Students need a place on campus to address these problems and find solutions.

Okay. But she immediately followed that, as in the very next sentence, with this.

"Some colleges are taking their fitness centers a step further as increasingly, colleges are spending millions of dollars on lavish recreation centers that cater not solely to athletes, but to the everyday student and member of the university community" (Gym Dandy, 2002)

What? You just said that students are dealing with serious medical conditions and you start talking about a gym?

Got syphilis? Hit the treadmill!

Much of the dissertation reads like that. You find yourself going back paragraphs trying to figure out what she meant.


Again, I don't claim perfection, but I have personally prepared important documents, with similar page counts, and haven't had a tenth these many errors.

Page 4

Responding to the current social and economic morés of the new millennium,...

You don't need the accent. Not unless you are really affected.

Page 27

(Upcraft, Gardner, & Barefoot, 2003, p. 312).

Page 28

(Upcroft, Gardner, & Barefoot, 2003, p. 243)

One of them must be right! That, or he legally had his name changed somewhere between page 243 and 312.

Page 43


Somebody may have been hitting the slcohol a bit too hard when she prepared that section.

Page 49


Page 59

He had been teaching a liason program between Mt. Pleasant and Delaware Tech,...

Page 68

The dropout percents follow:

You could say I'm being picky here, but "percentages" is what it should be, certainly in a work like this.

Page 81

The diverted dream. New York: Oxford Univeristy Press. Brotherton, P. (2001, October).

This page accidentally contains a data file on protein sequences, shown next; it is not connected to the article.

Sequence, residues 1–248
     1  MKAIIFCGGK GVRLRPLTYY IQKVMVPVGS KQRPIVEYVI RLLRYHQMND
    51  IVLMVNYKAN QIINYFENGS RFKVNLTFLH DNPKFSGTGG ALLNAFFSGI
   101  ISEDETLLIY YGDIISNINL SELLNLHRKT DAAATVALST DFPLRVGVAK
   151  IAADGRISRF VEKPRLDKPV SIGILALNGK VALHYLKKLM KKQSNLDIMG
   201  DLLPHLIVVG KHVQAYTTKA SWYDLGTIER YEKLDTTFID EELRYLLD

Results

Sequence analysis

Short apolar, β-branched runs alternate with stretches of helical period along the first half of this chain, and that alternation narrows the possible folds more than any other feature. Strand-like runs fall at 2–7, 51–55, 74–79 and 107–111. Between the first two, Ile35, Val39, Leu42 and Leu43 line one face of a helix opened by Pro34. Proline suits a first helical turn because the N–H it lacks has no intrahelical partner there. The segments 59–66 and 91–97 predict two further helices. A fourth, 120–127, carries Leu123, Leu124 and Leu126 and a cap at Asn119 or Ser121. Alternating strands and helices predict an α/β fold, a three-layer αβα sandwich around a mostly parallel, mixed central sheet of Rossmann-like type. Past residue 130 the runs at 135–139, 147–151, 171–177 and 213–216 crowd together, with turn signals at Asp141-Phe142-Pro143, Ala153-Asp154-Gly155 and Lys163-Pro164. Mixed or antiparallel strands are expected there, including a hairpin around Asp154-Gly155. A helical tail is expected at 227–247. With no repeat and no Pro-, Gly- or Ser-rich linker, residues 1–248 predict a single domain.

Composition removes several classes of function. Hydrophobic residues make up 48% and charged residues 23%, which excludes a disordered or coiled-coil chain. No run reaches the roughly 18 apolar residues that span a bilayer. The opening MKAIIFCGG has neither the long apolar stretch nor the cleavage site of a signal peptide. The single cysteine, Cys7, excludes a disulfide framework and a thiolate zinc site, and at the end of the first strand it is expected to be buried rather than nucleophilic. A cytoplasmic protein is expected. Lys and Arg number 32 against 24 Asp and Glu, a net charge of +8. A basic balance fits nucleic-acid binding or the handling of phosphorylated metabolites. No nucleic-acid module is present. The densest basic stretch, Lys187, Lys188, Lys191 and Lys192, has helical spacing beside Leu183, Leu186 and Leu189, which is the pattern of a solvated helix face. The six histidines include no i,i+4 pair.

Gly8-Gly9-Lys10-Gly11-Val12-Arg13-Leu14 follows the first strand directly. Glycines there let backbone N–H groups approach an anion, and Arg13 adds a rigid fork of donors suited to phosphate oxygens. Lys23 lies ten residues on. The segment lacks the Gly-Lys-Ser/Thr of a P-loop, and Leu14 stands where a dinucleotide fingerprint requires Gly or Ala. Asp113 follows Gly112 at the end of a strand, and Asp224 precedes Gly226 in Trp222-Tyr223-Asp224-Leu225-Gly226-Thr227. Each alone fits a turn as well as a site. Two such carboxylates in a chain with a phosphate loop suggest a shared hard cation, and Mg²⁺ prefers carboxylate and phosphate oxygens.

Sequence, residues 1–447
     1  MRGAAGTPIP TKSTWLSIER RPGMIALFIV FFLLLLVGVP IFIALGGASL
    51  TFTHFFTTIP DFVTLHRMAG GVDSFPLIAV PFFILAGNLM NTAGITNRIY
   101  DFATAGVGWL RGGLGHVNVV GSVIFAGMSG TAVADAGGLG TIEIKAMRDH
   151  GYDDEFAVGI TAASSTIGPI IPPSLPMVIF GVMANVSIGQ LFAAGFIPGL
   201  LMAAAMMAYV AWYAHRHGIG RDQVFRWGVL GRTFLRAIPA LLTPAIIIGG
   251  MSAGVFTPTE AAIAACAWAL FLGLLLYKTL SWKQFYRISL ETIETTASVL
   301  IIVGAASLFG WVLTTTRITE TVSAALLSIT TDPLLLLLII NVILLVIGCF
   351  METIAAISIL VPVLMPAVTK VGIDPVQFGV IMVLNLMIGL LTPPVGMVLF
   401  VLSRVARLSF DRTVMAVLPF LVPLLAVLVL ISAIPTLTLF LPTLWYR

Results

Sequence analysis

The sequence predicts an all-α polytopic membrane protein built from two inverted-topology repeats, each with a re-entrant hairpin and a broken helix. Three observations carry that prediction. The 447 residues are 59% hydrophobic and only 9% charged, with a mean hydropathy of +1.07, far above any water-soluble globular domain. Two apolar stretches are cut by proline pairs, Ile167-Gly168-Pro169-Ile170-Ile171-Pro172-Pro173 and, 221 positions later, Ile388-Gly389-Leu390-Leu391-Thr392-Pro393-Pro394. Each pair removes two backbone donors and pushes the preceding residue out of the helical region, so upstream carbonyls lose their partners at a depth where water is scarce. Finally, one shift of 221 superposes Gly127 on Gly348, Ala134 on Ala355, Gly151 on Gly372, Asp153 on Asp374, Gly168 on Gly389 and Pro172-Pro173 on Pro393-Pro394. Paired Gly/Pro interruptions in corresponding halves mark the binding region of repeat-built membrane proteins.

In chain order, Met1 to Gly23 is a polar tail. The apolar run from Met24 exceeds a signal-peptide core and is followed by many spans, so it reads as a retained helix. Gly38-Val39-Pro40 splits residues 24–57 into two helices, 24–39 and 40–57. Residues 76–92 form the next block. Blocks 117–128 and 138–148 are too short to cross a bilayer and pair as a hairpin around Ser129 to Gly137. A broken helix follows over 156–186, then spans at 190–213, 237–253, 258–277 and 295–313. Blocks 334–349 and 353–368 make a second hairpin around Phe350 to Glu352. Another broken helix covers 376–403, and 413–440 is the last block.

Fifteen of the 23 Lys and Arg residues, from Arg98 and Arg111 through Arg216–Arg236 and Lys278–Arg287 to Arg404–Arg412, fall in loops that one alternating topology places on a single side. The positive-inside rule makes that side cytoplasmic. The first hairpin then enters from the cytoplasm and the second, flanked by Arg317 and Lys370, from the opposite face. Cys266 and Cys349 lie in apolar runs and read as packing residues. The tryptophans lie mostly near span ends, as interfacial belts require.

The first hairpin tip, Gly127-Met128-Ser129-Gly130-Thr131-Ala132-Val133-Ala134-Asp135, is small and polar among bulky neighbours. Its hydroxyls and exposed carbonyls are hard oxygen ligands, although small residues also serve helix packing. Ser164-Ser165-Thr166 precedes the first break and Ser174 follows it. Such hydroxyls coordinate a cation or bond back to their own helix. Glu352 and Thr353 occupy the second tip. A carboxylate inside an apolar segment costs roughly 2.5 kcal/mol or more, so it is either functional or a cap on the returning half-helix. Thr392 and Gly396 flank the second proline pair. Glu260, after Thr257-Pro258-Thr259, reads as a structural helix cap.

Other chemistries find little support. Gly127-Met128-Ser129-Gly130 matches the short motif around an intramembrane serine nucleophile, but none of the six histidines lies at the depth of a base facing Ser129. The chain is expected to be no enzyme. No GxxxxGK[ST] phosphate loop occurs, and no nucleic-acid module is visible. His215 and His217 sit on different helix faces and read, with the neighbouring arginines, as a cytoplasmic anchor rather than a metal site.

Page 84

Student faculty interaction. (2004). Retrived May 11, 2006, from...

Page 94

Threee quarters = 0 One half = 16% One third = 17%...


I had to limit this to some verb conjugation issues as the hyphen abuse is legion.

P. 22

Bryant and Crockett (2005) argues...

P. 25

Many faculty already feel that in...

P. 29

Effective writing and communication has major importance...

Yes it have!

Er, has.

Now I'm confused!

P. 32

...work with those individuals and their doctor as they progresses to graduation...


Page 2

Three quarters of the class will be Caucasian; one quarter of the class will be African American; one seat will hold a Latino; and the remaining seats will be filled with students of Asian descent or non-resident aliens. At

Okay, so three quarters will be Caucasian, and one quarter will be African American.

What about all the other quarters?

She's got you covered!

Page 47

"Of the 159 students surveyed, 55 receive financial aid; 41 pay their own tuition bills; 45 students' parents pay; 3 spouses pay; 9 receive scholarships; and 9 others receive funds through the GI Bill, vocational rehabilitation programs, or grants. Thus, only one-quarter of the students are able to finance their education themselves."

The first problem with this is that her conclusion does not follow her data.

Just because people have scholarships or take out loans or avail themselves of available financing opportunities does not mean they are not "able to finance their education themselves." This would not escape the confines of a Freshman college class.

The second problem is the data doesn't follow the data.


There are perfectly good explanations as to why this might be. Students may have indicated more than one financing source. We don't know because it either never occurred to her that it was important to mention, or she never bothered to add up the numbers. In either case, it alters the analysis.

She did note in the introduction that, "The totality of each numbered question may/may not equal 159 as not every student answered every question," but that would result in too few responses, not too many.

Why is any of this important?

There are people who worked and sacrificed for their doctorate in education, who took it seriously, as something more than an ornament. That Jill Biden could turn in this sloppy term paper and receive the same title is an academic crime.

More importantly, she is going to have the ear of the incoming president. She will almost certainly take a particular interest in education and be in a position of power to influence policy both directly and indirectly..

And rest assured, she will use her "doctorate," as a weapon to quiet opponents.

You can read the entire thing here yourself if you like.